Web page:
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Research Spending & Results

Award Detail

Awardee:AMERICAN MUSEUM OF NATURAL HISTORY, THE
Doing Business As Name:American Museum Natural History
PD/PI:
  • Michael J Novacek
  • (212) 769-5805
  • novacek@amnh.org
Co-PD(s)/co-PI(s):
  • Nancy B Simmons
  • John Flynn
  • Robert J Asher
  • Jin Meng
Award Date:09/15/2006
Estimated Total Award Amount: $ 861,587
Funds Obligated to Date: $ 861,587
  • FY 2006=$282,141
  • FY 2009=$182,866
  • FY 2008=$278,735
  • FY 2010=$117,845
Start Date:10/01/2006
End Date:09/30/2012
Transaction Type:Grant
Agency:NSF
Awarding Agency Code:4900
Funding Agency Code:4900
CFDA Number:47.074
Primary Program Source:490100 NSF RESEARCH & RELATED ACTIVIT
Award Title or Description:ATOL: Collaborative Research: Resolving Mammalian Phylogeny with Genomic and Morphological Approaches
Federal Award ID Number:0629811
DUNS ID:061202768
Parent DUNS ID:061202768
Program:ASSEMBLING THE TREE OF LIFE
Program Officer:
  • Simon Malcomber
  • (703) 292-8227
  • smalcomb@nsf.gov

Awardee Location

Street:Central Park West at 79th St
City:New York
State:NY
ZIP:10024-0000
County:
Country:US
Awardee Cong. District:08

Primary Place of Performance

Organization Name:American Museum Natural History
Street:Central Park West at 79th St
City:New York
State:NY
ZIP:10024-0000
Country:US
Cong. District:08

Abstract at Time of Award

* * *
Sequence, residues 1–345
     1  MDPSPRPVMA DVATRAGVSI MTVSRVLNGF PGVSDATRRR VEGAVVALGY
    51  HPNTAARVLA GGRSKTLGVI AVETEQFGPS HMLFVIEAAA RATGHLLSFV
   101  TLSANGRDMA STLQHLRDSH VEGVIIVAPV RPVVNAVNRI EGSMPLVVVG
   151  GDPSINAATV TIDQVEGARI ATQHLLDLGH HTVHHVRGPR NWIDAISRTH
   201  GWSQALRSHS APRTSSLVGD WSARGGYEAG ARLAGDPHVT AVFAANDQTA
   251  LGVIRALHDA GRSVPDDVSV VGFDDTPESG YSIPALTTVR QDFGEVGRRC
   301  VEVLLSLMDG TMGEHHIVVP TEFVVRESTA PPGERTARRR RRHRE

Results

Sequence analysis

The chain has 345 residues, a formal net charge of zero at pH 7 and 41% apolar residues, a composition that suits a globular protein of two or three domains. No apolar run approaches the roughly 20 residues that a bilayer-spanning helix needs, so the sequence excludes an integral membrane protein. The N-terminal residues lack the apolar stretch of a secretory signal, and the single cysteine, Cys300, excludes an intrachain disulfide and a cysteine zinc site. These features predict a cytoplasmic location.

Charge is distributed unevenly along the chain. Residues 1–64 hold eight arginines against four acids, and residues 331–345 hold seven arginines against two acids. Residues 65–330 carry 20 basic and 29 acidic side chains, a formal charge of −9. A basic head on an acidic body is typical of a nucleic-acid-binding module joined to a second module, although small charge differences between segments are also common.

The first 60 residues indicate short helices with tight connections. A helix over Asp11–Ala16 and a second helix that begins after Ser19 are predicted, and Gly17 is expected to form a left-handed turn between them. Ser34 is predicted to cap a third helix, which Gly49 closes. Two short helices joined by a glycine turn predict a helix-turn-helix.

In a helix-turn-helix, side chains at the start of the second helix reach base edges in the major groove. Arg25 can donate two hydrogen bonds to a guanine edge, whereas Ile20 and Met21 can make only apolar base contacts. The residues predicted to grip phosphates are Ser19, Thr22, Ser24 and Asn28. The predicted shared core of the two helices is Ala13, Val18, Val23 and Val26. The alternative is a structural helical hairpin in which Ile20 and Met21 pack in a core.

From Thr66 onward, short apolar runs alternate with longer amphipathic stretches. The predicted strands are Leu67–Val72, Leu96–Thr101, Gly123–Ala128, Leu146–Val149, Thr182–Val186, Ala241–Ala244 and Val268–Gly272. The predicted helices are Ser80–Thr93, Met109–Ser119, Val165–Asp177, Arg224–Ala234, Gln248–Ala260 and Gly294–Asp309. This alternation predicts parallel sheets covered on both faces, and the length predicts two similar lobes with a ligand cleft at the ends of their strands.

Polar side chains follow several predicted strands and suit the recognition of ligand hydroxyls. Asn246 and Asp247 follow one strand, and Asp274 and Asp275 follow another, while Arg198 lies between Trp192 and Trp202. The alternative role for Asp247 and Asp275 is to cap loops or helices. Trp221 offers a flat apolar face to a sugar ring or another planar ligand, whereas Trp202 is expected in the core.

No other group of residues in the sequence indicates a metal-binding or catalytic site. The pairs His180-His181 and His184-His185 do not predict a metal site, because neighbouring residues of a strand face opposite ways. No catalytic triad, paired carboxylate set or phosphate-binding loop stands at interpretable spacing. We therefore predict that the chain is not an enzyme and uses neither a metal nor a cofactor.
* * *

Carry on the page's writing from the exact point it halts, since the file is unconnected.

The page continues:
AToL: Collaborative Research: Resolving Mammalian Phylogeny with Genomic and Morphological Approaches Novacek, Michael J., American Museum of Natural History, EF 0629811 Murphy, William J., Texas A & M Research Foundation, EF 0629849 O'Leary, Maureen A., SUNY Stony Brook, EF 0629836 Luo, Zhe-Xi, Carnegie Institute, EF 0629959 Springer, Mark, Univ. California, Riverside, EF 0629860 Abstract Only a few of the myriad biological groups now thriving on this planet have fossil records that chronicle their evolutionary past. One of these few is Mammalia, known from about 5,000 extant species distributed among 1135 living genera, including our own human lineage, and more than 4,000 extinct genera, a four-to-one ratio of fossil genera to living genera that can hardly be matched elsewhere in the biota. Mammals display a spectacular range in size, form, and adaptations. They are closely linked to human health, welfare, and experience. No tree of all life could be regarded as complete without a comprehensive phylogeny of Mammalia. This conviction has inspired a surge of work in paleontology, comparative anatomy, and molecular biology. Despite these significant gains, many aspects of mammalian phylogeny are unresolved or highly controversial, even at some of the major branching points on the mammalian tree. PIs propose to examine species exemplars for 135 extant families, the majority of some 350 extinct families, and to extend this sample to a generic-level data set of 500 extant and nearly 500 extinct genera for combined analysis of genes and morphology. Their molecular team will continue to sample taxa toward a goal of covering 95% of all living genera outside the murids (rats, mice, and kin) and sciurids (squirrels). For character evidence, PIs plan to sample 30Kb in gene sequences from 34 genes for at least one exemplar of all living families. For the larger generic-level phases of the project, they will sample at least 6Kb of sequence. Morphologists will collect a projected 2,000 characters. Completion of a broad scale phylogeny for mammals will provide a model system in evolutionary and comparative biology with numerous applications in conservation and wildlife management, human health, biomedicine, and other areas. In addition, PIs intend to compile an integrated and image rich database for mammalian characters and convert it into a powerful toolkit for conservation management, education, and outreach through training programs and web resources.